Demons and deliverance have become a very hot topic in the church today, especially on the heels of the release of Pastor Greg Locke’s movie Come Out in Jesus’ Name. It opened Monday night in nearly 2,000 theaters and was followed by Pastor Locke coming on live in these theaters via livestream and conducting a mass deliverance service.
In Pastor Locke’s own words, “This is a historic church moment. This has never happened! It's almost like God says, 'OK, you want to run my spirit out of church? Well, I'm going to take you into a movie theater.”
What are we to make of this?
Before the movie aired (so I could neither endorse it or criticize it), Pastor Locke asked if he could join me on my show to talk about the movie. You can listen to our discussion here (starting at the 27-minute mark), where you will hear Pastor Locke lay out his theological views.
Can a Christian have a demon? Have we even defined what this means?
Should we use the term demon possession? Should we speak instead of demonization? And where does the ministry of deliverance fit in the lives of Christians? Is this just something we practice on non-believers who want to be set free?
Do Christians ever need deliverance?
Be assured that each of these questions is packed with lots of emotion, and the moment you raise the topic of deliverance, things will get heated pretty quickly.
In the last 24 hours alone I have received passionate appeals from godly leaders on both sides of the issue. Some have urged me to speak out against the new deliverance fad while others have urged me to repent of the error of allegedly differing with this new wave of deliverance.
And all this happened without me making a clear public statement “for” or “against.”
I wanted to hear the different teachings for myself as well as see the movie. How can I comment on something I haven’t seen?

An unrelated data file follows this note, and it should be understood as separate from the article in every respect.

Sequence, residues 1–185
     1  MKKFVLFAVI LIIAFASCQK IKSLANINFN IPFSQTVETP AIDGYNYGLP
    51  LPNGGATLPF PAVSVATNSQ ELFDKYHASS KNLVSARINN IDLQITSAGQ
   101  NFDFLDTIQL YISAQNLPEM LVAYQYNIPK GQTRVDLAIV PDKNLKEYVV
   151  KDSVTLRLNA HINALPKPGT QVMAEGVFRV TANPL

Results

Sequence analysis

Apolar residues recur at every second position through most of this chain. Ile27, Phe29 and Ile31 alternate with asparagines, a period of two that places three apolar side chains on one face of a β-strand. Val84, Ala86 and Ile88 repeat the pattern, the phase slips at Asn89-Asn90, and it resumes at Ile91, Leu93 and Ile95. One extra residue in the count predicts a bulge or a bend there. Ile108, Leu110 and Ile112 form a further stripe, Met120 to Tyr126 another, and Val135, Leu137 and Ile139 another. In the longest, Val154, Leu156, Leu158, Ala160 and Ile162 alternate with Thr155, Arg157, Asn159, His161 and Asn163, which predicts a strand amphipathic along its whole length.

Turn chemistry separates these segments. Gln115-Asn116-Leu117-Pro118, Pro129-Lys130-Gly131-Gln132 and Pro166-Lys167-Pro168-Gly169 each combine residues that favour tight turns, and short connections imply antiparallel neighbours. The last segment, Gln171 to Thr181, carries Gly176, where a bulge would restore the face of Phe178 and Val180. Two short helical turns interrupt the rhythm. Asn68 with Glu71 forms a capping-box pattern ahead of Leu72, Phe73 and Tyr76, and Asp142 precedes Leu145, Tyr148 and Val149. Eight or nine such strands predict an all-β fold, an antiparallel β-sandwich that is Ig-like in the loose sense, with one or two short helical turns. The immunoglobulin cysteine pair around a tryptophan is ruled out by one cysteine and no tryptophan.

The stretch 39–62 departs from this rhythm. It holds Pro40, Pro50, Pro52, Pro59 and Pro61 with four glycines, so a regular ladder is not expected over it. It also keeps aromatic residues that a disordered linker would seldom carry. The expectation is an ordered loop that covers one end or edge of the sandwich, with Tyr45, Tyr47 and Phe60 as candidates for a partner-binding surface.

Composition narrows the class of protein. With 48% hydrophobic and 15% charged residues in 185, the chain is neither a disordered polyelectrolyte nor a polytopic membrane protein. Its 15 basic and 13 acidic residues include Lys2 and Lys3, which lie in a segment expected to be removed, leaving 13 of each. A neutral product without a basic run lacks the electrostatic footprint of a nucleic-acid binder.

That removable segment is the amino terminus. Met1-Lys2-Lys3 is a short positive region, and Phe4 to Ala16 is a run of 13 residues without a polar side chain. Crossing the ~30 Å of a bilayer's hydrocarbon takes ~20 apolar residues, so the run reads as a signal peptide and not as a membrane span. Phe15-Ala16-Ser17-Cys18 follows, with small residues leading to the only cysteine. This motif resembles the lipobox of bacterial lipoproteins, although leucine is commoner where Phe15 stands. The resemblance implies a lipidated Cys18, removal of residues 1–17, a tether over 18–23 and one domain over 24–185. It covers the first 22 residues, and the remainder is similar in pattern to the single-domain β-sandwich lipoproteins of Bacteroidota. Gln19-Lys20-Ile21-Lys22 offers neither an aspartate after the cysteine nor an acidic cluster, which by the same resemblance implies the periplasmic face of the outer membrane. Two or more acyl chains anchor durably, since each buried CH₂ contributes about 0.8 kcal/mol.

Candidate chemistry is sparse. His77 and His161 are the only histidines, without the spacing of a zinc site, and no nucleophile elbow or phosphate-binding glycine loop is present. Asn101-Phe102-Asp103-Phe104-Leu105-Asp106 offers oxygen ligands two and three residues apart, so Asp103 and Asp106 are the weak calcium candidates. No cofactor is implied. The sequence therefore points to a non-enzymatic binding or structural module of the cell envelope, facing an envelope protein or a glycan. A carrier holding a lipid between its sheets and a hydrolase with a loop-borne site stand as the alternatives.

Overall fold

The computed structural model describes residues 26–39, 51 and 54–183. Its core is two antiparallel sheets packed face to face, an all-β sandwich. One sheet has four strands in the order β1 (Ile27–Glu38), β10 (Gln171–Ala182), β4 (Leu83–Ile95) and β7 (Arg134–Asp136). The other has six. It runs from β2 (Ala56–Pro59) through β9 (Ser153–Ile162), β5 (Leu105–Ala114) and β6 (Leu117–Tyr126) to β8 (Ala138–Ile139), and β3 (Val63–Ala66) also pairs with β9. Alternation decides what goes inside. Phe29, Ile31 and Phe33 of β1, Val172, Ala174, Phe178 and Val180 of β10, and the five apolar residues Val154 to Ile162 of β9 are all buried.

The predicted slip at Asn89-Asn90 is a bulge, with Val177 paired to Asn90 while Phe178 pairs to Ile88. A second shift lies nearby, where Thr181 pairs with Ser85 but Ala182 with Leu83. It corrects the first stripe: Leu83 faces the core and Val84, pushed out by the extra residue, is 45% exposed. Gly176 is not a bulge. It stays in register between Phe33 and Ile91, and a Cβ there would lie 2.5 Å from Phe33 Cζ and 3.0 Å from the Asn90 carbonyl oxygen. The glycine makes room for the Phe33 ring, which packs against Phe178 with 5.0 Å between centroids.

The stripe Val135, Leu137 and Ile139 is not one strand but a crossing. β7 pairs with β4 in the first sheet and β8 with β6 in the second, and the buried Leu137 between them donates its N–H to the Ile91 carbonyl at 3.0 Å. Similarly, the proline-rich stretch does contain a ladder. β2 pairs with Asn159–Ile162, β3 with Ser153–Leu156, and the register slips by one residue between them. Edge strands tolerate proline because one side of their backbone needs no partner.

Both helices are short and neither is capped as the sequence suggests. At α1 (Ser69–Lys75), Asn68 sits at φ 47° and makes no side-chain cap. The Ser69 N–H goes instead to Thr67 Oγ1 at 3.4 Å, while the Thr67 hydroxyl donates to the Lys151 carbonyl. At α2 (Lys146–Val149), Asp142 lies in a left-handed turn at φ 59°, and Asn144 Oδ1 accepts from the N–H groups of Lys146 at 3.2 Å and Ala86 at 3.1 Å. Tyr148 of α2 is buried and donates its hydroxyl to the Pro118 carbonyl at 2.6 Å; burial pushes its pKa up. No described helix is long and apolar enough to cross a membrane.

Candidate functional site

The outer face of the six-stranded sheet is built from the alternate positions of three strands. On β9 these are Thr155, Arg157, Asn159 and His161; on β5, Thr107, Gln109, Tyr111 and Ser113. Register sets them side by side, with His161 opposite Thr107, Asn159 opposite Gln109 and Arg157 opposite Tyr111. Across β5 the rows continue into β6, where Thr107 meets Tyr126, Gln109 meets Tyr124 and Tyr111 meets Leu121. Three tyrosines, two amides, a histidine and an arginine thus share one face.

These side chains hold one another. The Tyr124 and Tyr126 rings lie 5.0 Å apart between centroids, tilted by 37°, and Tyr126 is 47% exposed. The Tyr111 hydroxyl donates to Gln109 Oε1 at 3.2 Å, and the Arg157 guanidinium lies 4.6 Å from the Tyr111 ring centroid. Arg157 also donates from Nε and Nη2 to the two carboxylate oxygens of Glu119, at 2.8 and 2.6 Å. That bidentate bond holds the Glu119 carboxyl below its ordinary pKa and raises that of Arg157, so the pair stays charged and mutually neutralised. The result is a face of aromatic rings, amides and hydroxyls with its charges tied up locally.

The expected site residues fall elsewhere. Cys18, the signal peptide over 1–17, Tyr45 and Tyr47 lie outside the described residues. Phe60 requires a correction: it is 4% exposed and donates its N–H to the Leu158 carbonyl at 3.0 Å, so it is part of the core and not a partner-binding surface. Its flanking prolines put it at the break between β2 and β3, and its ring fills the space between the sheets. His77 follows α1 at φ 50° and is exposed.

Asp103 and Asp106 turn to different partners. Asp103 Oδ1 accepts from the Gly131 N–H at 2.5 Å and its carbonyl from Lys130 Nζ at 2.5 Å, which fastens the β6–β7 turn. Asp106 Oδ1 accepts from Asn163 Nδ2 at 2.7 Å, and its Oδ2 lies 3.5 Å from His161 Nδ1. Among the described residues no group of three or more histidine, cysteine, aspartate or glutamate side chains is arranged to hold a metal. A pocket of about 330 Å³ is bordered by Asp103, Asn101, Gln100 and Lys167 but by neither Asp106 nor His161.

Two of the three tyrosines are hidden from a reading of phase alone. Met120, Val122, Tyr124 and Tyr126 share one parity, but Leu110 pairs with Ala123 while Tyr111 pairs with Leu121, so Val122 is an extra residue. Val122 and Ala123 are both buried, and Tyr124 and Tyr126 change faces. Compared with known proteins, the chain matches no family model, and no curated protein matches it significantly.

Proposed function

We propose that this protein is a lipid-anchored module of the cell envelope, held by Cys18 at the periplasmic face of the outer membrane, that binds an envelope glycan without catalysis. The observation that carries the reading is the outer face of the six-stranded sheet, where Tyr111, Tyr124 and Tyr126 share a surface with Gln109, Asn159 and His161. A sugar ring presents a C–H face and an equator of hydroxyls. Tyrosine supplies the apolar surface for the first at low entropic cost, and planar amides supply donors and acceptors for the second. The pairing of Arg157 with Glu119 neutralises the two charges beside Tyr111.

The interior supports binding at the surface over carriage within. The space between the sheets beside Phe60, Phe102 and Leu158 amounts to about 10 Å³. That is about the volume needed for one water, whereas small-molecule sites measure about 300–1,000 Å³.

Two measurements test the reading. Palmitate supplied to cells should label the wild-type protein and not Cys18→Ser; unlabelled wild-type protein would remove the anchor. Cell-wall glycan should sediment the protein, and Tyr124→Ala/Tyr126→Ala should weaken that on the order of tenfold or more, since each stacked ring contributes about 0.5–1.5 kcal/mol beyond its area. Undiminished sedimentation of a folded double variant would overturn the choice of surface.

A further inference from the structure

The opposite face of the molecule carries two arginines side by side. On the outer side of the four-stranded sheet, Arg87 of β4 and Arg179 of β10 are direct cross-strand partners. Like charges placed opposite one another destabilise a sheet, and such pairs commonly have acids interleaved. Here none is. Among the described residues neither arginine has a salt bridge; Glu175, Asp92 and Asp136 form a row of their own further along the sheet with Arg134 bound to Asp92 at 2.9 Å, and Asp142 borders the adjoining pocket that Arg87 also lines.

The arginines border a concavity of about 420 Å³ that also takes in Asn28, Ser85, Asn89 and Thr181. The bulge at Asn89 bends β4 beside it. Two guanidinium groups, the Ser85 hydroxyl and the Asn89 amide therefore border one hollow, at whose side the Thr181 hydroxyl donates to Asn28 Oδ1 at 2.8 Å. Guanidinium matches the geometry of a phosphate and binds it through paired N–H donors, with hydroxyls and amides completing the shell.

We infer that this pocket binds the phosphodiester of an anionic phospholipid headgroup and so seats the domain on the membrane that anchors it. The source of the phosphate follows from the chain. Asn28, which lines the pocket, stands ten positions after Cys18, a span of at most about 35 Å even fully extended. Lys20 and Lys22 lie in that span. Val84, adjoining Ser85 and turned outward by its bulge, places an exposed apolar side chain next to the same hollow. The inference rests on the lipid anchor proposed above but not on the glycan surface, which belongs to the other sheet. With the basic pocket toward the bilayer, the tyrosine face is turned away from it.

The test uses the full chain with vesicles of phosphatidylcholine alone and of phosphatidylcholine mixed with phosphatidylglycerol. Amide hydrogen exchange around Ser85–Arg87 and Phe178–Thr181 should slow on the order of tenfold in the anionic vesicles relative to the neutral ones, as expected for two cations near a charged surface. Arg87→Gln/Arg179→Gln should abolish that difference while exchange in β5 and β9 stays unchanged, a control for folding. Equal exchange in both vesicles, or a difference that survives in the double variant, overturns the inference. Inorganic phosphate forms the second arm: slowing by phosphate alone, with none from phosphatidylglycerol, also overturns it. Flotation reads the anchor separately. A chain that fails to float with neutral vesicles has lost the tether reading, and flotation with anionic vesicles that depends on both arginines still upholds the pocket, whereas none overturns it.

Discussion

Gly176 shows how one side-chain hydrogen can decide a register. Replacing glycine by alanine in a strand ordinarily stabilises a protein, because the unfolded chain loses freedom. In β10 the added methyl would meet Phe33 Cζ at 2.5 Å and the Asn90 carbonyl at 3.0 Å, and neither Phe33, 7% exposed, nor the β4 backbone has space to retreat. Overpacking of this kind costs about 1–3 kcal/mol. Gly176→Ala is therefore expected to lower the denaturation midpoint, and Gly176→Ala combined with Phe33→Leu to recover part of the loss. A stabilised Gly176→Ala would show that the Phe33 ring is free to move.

That being said, the reaction to my Facebook post on Tuesday night, March 14, was quite intense, from all sides. I wrote:
“Do I believe that genuine believers can come under demonic power and need to be delivered and set free? Absolutely yes. Do I believe that genuine believers can be indwelt by demons and need exorcism? Absolutely not.
“Over the decades, I had some seasons where I came under severe demonic attack and needed prayer and fasting and spiritual agreement with colleagues in order to break free (and I'm sure, in some cases, my flesh opened the door to the attack). But I have never needed to have demons cast out of me. If the Spirit dwells inside you, demons cannot dwell there with Him.”
In my mind, this was a fairly generic post, not intended “to take sides” on the issue but rather to state my own views, having delved into the topic of demons and deliverance in the 1980s and 1990s.
And in my mind, it wasn’t very different than what Pastor Locke said on my show. (He might differ with that assessment.)
But, to repeat, the controversy has been intense, with the heat rising on both sides of the debate.
That’s why I posted this on Wednesday night, March 15th:
“A word of wisdom here for everyone. Christian leaders WILL have some differences about the subject of demons and deliverance. That's fine! There's no reason to take sides or get into camps or attack one another. In fact, that's exactly what Satan wants us to do! Let's step higher, since we are fully aware of the evil one's devices. And where we have differences, let's listen to each other, learn from each other, and agree to disagree if it comes to that in the end, determined to stand UNITED against the devil.”
You see, this is the one thing we know for sure: Satan wants to divide us. He fully understands that, “Every kingdom divided against itself is laid waste, and no city or house divided against itself will stand” (Matthew 12:25).
And so, whatever he can do to sow discord and dissension, he will do it.
He will try to divide us into factions (as in, “I’m in his camp” or “I’m in her camp”), and he will try to get us to separate over secondary matters (as in, “I’m pro-deliverance but you’re anti-deliverance”).
How about we determine to step higher and give no place to the evil one? (For the principle, see Ephesians 4:25-27.)
How about we find out accurately what key leaders actually teach and practice when it comes to deliverance, coming to our own conclusions after prayer and study rather than making this the topic we divide over.
If we agree on the fundamentals of the faith – I mean, the eternal, non-negotiables – and we agree that Satan is our enemy whom we overcome in Jesus’ name, then we are more in harmony than not.
We will certainly have our differences in beliefs and practices, and we should be clear about what we believe and where we stand. Let the differences be articulated and let them be known.
But let us do so as brothers and sisters in the faith, all of us subject to the lordship of Jesus.
Let us not give the devil an inch of ground, in particular in a dispute about deliverance from demons. That would be as tragic as it is ironic.